Besides, I still don't understand the justification for paying one plaintiff out of the presumably tens of thousands involved the punitive damages. Why him? Why make him a very rich man (less, of course, the contingency based legal fees)? Is it really that good from a public policy point of view to have a race to the courthouse like this?
5.30.2006 6:25pm
Ken Arromdee (mail):
Besides, I still don't understand the justification for paying one plaintiff out of the presumably tens of thousands involved the punitive damages. Why him?

If the plaintiff doesn't receive the punitive damages, he has little incentive to make the case for punitive damages in the first place.
5.30.2006 6:35pm
Christopher Cooke:

IF the purpose of punitives is to deter outrageous conduct, then they should be assessed against the individuals who actually engaged in the conduct, not against shareholders who had no say in the decisions leading to the conduct

Two quick points in response:
1. under your argument, corporations should never be indicted or punished for any of management's actions. This is not a great way to ensure that shareholders hold management accountable for the messes that management creates.

2. presumably, the shareholders benefit from the actions of management (if motivated by profit), so requiring shareholders to pay for management's misdeeds may have a "rough" measure of justice. Thus, in the Ford Pinto example, Ford presumably sold more Pintos due to a price that was lowered by the placement of the fuel tank in a location that was cheaper to manafucture (albeit more dangerous for Pinto drivers), and earned higher profits per car and overall, as a result. So requiring Ford's shareholders to pay for that decision is not necessarily inequitable. The bigger problem with shareholders having to pay for such misconduct is that we are likely talking about different groups of shareholders: the shareholders who owned Ford's stock during the manufacture and sell of the allegedly defective Pinto are not the same group as those who held the stock at the time of the punitive damages award.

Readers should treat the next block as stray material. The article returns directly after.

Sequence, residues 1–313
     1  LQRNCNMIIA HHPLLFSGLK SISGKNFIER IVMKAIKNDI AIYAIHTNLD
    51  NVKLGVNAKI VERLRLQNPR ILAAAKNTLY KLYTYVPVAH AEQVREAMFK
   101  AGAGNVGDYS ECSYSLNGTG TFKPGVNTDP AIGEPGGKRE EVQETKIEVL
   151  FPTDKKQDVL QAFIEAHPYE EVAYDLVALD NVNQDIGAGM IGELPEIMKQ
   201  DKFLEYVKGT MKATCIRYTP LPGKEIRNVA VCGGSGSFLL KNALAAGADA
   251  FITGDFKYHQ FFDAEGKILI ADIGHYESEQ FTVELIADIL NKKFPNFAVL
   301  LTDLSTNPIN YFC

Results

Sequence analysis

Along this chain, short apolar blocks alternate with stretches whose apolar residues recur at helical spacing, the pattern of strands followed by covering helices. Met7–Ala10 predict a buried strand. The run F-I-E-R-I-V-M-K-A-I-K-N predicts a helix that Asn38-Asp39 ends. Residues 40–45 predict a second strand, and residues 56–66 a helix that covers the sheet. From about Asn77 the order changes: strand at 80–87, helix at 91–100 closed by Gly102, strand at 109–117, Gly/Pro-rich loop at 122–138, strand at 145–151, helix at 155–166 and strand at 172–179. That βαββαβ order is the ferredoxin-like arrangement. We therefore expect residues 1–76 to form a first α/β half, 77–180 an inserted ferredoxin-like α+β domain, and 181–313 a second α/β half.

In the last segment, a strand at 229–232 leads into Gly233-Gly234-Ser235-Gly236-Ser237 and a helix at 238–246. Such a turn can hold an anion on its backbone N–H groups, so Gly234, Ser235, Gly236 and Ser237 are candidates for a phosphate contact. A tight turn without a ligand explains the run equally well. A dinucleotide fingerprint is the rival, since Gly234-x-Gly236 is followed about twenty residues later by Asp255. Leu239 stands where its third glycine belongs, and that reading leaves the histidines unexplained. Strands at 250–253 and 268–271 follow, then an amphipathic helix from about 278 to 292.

As far as management escaping from liability, in your example, Ford's board could have authorized Ford to sue Iacocca for indemnity, for harm he caused to the corporation and its shareholders that resulted in these lawsuits. Don't hold your breathe waiting for that type of lawsuit to happen, however (a board truly trying to hold management financially accountable is a rare thing, indeed).

The biggest problems with punitive damages is the arbitrary nature of the awards, and the fact that the plaintiff gets a windfall. If I were the Emperor-God of the US, I would limit punitive damages to a 3-to-1 ratio of the compensatory damages and only authorize Judges to impose them, not juries. But, my criticisms do not make them unconstitutional, so I am curious to see what the Supremes do.

Also, what happens to the not inconsiderable taxes most states collect on cigarettes?

Yes, by all means, we must preserve that tax revenue, so let's pray the Supremes come down in favor of PM. I don't think, in all seriousness, this is relevant to the legal issues at hand.
5.30.2006 6:37pm
te (mail):
Yes, this case will provide an excellent vehicle for Roberts et al. to further screw people who have been injured or who have had family members killed by Phillip Morris over the years.

The idea that people should be able to recover more than 9 times their actual damages from a defendant - regardless of how evil the defendant is - is apalling.
5.30.2006 9:51pm
Bored Lawyer:
"Also, what happens to the not inconsiderable taxes most states collect on cigarettes? "